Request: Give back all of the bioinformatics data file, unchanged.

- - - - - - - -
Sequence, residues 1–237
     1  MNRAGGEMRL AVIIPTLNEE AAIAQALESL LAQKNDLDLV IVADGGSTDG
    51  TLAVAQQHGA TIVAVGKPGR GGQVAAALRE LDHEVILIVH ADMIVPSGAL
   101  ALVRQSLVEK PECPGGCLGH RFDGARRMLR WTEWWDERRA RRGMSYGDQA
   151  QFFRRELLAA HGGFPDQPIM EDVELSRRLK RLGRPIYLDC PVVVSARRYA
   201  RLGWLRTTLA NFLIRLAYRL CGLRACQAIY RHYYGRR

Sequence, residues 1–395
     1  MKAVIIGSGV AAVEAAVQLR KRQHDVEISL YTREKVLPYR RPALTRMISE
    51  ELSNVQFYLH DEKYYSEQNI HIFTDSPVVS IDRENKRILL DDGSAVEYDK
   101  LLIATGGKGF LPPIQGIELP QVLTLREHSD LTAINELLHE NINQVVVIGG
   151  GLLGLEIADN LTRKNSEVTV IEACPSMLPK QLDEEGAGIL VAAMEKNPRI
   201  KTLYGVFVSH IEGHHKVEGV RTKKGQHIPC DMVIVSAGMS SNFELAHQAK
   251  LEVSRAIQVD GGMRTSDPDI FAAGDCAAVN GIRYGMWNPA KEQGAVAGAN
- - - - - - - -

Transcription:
Sequence, residues 1–237
     1  MNRAGGEMRL AVIIPTLNEE AAIAQALESL LAQKNDLDLV IVADGGSTDG
    51  TLAVAQQHGA TIVAVGKPGR GGQVAAALRE LDHEVILIVH ADMIVPSGAL
   101  ALVRQSLVEK PECPGGCLGH RFDGARRMLR WTEWWDERRA RRGMSYGDQA
   151  QFFRRELLAA HGGFPDQPIM EDVELSRRLK RLGRPIYLDC PVVVSARRYA
   201  RLGWLRTTLA NFLIRLAYRL CGLRACQAIY RHYYGRR

Sequence, residues 1–395
     1  MKAVIIGSGV AAVEAAVQLR KRQHDVEISL YTREKVLPYR RPALTRMISE
    51  ELSNVQFYLH DEKYYSEQNI HIFTDSPVVS IDRENKRILL DDGSAVEYDK
   101  LLIATGGKGF LPPIQGIELP QVLTLREHSD LTAINELLHE NINQVVVIGG
   151  GLLGLEIADN LTRKNSEVTV IEACPSMLPK QLDEEGAGIL VAAMEKNPRI
   201  KTLYGVFVSH IEGHHKVEGV RTKKGQHIPC DMVIVSAGMS SNFELAHQAK
   251  LEVSRAIQVD GGMRTSDPDI FAAGDCAAVN GIRYGMWNPA KEQGAVAGAN